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This is a simple immutable deque based on binary trees. What do you think about it? Does this kind of data structure, or possibly an improvement thereof, seem useful? How could I improve it, preferably without getting rid of its strengths? (Not in the sense of more operations, in the sense of different design) Does this sort of thing have a name?

Red nodes are newly instantiated; blue ones are reused. Nodes aren't actually red or anything, it's just for emphasis.

http://goo.gl/KzOFR

Note that right deques do not take O(n). Any access to an element in the deque depends on how long ago it was inserted. You can perform any enqueue or concat operation at O(1).

You can also use the 'weight' of each non-leaf node to change the orientation of the tree, such as to make all right access costly and left access cheap, or to provide O(logn) access to either end. This process takes O(n) worst case, depending on the initial orientation of the tree.

Alternatively, I could 'search' for the lightest node into which to insert a given node, turning all operations into O(logn) operations.

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3 Answers 3

Congratulations you invented the immutable list. It appears in every functional language and is the bread and butter of functional programming. It's not often used as a dequeue though.

For that purpose there are better data-structures. I recommend reading "Purely Functional Data Structures" by Chris Okasaki if you'd like to gain some insight into the different data-structures that exist.

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Thanks for the comment, but isn't the standard implementation of a single-directional immutable list basically a linked list that only supports cheap addition/deletion from one side\? This one supports expensive or cheap access depending on how recently an item was inserted, and enqueues are always cheap. –  Greg Ros Jul 2 '12 at 9:46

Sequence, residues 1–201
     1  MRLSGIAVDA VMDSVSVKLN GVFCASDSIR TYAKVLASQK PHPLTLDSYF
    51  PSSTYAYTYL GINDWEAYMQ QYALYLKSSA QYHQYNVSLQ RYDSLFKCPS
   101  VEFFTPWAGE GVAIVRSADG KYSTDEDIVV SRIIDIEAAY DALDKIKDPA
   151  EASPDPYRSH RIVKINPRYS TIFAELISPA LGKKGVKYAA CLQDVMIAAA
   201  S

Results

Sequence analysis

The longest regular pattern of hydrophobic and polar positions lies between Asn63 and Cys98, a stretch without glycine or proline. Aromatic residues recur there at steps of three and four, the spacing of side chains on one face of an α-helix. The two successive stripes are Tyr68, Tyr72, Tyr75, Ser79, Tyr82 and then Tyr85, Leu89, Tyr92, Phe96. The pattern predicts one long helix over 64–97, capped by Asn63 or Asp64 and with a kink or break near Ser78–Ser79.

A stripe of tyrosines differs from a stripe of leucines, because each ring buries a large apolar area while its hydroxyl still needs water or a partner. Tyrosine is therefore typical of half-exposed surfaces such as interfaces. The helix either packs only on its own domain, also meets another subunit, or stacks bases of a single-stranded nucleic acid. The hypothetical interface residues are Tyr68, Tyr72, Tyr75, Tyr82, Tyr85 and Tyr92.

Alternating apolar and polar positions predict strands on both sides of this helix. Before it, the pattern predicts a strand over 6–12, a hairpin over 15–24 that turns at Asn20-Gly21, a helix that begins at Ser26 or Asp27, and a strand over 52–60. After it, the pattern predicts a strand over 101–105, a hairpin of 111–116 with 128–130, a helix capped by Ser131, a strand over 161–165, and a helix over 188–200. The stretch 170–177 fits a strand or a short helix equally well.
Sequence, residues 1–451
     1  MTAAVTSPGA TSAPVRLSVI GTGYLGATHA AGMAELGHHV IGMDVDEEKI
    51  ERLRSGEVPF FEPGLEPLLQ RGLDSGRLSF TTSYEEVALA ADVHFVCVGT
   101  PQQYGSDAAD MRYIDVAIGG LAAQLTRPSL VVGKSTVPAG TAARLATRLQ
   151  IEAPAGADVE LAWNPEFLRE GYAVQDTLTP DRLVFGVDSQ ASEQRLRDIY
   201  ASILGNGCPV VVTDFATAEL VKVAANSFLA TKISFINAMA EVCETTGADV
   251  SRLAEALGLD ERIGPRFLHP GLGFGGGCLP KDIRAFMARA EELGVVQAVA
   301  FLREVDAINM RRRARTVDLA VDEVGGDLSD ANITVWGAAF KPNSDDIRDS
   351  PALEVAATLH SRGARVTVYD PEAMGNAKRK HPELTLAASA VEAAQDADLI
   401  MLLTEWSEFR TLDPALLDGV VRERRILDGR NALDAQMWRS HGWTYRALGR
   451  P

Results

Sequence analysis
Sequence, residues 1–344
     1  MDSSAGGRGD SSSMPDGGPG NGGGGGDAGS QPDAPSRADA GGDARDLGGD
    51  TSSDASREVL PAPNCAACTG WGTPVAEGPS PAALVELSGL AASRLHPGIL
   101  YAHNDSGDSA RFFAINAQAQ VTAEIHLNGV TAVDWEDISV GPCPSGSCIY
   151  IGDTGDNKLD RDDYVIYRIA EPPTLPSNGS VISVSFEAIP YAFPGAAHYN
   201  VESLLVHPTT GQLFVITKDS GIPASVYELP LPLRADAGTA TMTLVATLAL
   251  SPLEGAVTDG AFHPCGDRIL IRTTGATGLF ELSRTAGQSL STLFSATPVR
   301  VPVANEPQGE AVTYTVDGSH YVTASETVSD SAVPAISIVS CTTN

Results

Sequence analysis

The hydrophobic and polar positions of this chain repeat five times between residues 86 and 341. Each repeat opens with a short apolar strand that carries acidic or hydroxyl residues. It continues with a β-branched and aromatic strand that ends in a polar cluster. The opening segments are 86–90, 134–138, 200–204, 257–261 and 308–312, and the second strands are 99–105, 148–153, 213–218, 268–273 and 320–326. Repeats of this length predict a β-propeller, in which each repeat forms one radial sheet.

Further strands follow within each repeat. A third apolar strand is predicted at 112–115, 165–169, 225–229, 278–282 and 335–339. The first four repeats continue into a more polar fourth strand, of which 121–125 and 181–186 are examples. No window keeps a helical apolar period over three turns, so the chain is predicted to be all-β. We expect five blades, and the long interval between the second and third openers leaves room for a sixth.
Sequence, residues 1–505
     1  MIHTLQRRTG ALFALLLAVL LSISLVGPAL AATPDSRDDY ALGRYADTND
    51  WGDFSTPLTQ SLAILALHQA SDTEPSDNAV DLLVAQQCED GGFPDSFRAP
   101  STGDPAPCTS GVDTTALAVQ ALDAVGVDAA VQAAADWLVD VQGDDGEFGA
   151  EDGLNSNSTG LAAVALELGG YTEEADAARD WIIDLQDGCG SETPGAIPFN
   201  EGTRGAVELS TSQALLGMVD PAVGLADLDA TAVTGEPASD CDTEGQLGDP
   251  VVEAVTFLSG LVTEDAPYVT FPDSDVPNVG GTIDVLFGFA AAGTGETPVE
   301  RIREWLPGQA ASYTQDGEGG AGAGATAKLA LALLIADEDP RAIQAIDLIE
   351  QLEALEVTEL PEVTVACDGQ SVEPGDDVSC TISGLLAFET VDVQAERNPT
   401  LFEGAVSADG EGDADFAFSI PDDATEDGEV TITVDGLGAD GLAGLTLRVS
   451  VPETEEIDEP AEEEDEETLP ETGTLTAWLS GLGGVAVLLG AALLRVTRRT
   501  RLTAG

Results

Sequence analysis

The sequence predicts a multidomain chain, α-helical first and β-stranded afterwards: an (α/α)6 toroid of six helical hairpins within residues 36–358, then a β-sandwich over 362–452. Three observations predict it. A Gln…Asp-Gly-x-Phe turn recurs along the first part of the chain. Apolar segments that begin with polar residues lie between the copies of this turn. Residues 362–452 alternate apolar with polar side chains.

@GregRos, I missed that slight variation, but wouldn't a immutable dequeue that supports O(1) enqueue and dequeue to both ends be more useful (of which there are implementations). –  dan_waterworth Jul 2 '12 at 9:59
    
Ah, I'm fully aware it's a problematic implementation, I just wanted to know if/how it could be improved, and if this implementation has a name. Also, what are the other implementations of deques besides finger trees? (which I readily admit are far superior to this data structure in almost every way) –  Greg Ros Jul 2 '12 at 10:58
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@GregRos, see this stack overflow answer that sheds some light on purely functional queues with amortized and worst-case bounds. –  dan_waterworth Jul 2 '12 at 11:22

You've rediscovered a couple of things...

  1. "Binary tree" does not automatically mean "binary search tree".

  2. The text-book form of a data structure isn't the end of the story. Data structures can be adapted and "augmented". Some augmented data structures are text-book examples in their own right - e.g. interval trees.